Ten Things I Hate About You #
Context and Background: #
Released in 1999, filmed in Seattle Washington, this comedy/romance is a classic teen chick flick loosely based on or inspired by Shakespeare’s Taming of the Shrew. With the tagline, How do I loathe thee, you, let me count the ways (a parody of Elizabeth Barrett Browning, “How do I love you…”) the film is another coming of age genre exploring issues of belonging, independence, feminism, sibling, parental, and teacher - student relationships.
Cameron James (Joseph Gordon –Levitt):
A new student (army brat) comes to a new school, Padua High, Tacoma, and is immediately smitten by a sophomore (yr.10), Bianca, when he first lays eyes on Bianca. “I burn, I pine, I perish” - a bathetic parody of Caesar’s climactic “I came, I saw, I conquered”.
Together with Michael, his side kick, he concocts a wild scheme to date her even though she is not allowed to date until his older sister, Katrina (the shrew) is allowed to date.
Bianca Stratford (Larisa Olegnik)
Beautiful but subjugated by her demanding, domineering and overprotective father Bianca has never had a date. She strives to gain autonomy and independence to “experience her mistakes for herself”.
Katrina Stratford (Julia Stiles)
Bianca’s older sister The hard rock song associated with Kat lyrics states “I don’t give a damm bout’ my reputation!” to emphasise and mirrors Kat’s disregard and hatred of conformity to achieve status. Disillusioned with teen age popularity who claims “I’m not hostile, just annoyed”. She has deep anger caused by sharp pain likely as a result of her Mother’s abandonment and the fact that younger versions of herself are now the centre of attention. (Suffering from Attention Deprivation Syndrome) Her most notable comments are:
“I don’t only want to be an object to be adored”, I don’t want to live up to other people’s expectations” and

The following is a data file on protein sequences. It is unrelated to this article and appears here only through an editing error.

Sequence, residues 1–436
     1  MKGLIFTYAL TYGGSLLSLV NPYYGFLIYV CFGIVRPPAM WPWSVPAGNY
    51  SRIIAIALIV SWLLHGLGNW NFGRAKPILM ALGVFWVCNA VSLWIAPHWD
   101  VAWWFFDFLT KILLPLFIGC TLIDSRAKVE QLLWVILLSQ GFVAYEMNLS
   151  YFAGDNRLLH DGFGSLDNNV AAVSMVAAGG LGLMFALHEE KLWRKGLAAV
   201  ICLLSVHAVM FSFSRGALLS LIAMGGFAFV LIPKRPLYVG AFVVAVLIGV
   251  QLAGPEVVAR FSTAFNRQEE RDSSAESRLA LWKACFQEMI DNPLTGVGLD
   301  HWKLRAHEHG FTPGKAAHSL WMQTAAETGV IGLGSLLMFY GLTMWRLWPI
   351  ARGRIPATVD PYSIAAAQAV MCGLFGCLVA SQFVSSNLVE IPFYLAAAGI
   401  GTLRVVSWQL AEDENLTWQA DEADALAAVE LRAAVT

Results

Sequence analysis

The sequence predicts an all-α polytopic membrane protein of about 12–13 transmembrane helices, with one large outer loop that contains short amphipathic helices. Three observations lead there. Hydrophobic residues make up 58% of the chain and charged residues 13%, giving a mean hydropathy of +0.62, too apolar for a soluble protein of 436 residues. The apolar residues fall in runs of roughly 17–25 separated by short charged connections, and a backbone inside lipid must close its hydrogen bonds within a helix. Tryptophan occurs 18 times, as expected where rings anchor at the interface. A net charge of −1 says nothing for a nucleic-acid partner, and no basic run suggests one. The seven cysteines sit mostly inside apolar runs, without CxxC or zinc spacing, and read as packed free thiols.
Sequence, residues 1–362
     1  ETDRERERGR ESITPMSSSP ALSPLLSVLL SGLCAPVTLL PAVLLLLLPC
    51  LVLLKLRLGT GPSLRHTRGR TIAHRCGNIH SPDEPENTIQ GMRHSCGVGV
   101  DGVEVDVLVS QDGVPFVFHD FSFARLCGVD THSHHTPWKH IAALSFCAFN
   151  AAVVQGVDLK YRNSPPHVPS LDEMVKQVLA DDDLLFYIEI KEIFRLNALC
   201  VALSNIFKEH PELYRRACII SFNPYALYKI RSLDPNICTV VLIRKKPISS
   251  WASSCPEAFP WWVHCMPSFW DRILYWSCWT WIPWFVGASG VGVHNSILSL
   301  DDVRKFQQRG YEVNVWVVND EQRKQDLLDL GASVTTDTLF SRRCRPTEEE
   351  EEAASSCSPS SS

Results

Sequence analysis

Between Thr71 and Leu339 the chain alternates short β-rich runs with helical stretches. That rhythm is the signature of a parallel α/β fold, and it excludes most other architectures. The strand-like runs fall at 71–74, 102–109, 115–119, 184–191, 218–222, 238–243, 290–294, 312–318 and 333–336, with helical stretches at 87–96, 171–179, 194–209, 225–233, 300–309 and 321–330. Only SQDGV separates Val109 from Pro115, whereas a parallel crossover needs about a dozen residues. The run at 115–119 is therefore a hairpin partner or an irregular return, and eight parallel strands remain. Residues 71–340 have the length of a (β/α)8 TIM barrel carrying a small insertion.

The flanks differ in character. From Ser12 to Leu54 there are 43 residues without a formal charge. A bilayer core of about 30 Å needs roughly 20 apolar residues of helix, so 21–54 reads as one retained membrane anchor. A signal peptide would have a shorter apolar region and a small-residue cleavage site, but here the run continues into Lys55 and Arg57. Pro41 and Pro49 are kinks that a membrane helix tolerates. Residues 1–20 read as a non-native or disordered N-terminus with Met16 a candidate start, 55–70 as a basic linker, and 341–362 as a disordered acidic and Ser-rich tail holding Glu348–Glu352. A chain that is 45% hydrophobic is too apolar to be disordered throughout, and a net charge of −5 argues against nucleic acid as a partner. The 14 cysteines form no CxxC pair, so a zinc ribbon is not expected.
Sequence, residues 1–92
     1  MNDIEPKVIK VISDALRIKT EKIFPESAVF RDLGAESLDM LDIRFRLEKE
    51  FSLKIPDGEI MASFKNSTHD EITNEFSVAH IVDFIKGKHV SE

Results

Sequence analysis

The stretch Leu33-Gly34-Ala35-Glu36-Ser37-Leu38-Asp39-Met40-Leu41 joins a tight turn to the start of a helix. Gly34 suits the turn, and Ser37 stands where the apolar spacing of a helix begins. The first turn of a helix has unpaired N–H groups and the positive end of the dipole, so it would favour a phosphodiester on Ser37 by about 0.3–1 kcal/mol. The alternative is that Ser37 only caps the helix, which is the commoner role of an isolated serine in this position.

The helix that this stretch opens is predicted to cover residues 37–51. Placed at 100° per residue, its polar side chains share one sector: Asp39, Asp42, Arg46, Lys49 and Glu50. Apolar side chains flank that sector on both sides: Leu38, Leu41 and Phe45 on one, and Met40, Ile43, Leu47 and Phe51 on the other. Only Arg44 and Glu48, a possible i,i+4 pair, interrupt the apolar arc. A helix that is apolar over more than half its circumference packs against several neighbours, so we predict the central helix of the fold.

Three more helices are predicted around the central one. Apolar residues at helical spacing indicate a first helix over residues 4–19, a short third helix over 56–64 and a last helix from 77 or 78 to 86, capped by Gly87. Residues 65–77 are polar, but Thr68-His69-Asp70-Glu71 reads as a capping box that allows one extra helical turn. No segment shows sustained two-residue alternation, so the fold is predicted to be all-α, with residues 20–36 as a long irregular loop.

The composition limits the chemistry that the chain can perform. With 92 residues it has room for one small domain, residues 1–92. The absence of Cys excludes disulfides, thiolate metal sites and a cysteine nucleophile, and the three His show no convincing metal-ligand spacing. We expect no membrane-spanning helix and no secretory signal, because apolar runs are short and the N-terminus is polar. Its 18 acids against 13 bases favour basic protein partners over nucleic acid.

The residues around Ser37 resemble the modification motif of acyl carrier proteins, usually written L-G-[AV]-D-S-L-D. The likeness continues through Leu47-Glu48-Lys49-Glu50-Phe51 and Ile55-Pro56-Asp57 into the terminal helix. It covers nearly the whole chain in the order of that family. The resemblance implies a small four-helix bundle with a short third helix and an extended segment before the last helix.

“Do something for your own reasons – not anything else”.
She is outspoken in class and espouses strong feminist views from Betty Freidan, Simone de Bauvier, and Sylvia Plath.
Patrick Verona (Australia’s Heath Ledger) another new student who tries to live up to an archetypal tough guy, criminal reputation of violent unpredictable behaviour. He is rumoured to have; set alight a state trooper, sold his liver, eaten a live duck….
Joey Donner (Andrew Keegan) Egotistical model who is the main rival for Cameron. Rich, indulged and arrogant, Joey is used by Cameron and Michael to get Patrick and Kat together.
Teachers: Ms Perky – Councillor, Mr Morgan – English Teacher, Mr Chapin – Coach and detention teacher.
Style and Language #
As a teen flick, the messages are couched in a wide range of:
Bianca of Kat: “she’s a mutant”,
Joey to Pat: “trailer park”,
Kat to Pat: “screw boy” ,
Ms Perky: “Scoot”
Modern buzz - Quick repartee:
Michael to Cameron “Put it in your Spam bank”
Joey to Michael: “cool by association”
Cameron on Bianca’s dress coordination: “Mixing Genres”
Cameron to Patrick “ Extreme dating”.
vulgate, mainly by the teachers:
Ms Perky: “Same little asswipe shit for brains everywhere”,
Mr Morgan: “You’re pissing me off”
Kat: “Remove head from sphincter, then drive!”
Expressive, articulate formal language:
Both Katrina and Patrick have a sophisticated vocabulary though Katrina’s is often formulaic, full of ideological rhetoric or slogans:
“Romantic? Hemingway ? He was an abusive, alcoholic misogynist who squandered half of his life hanging around Picasso trying to nail his leftovers.”
Parties where students,
“Distracting themselves from the pathetic emptiness of meaningless consumer driven minds”.
Issues, Concerns, Themes, Values #
- Personal development towards autonomy, independence and integrity. This is best illustrated by the sisters Kat and Bianca who are under the domination of a strict, controlling and authoritarian father. An interchange that demonstrates this is where the father says;
“I thought we decided…
and Kat cuts him off with, “you decided”
“What do you want?”
“I want you to stop making my decisions for me, I want you to trust me to make my own choices.”
Bianca also expresses this view to Kat when she says,
“Let me experience my own mistakes by myself”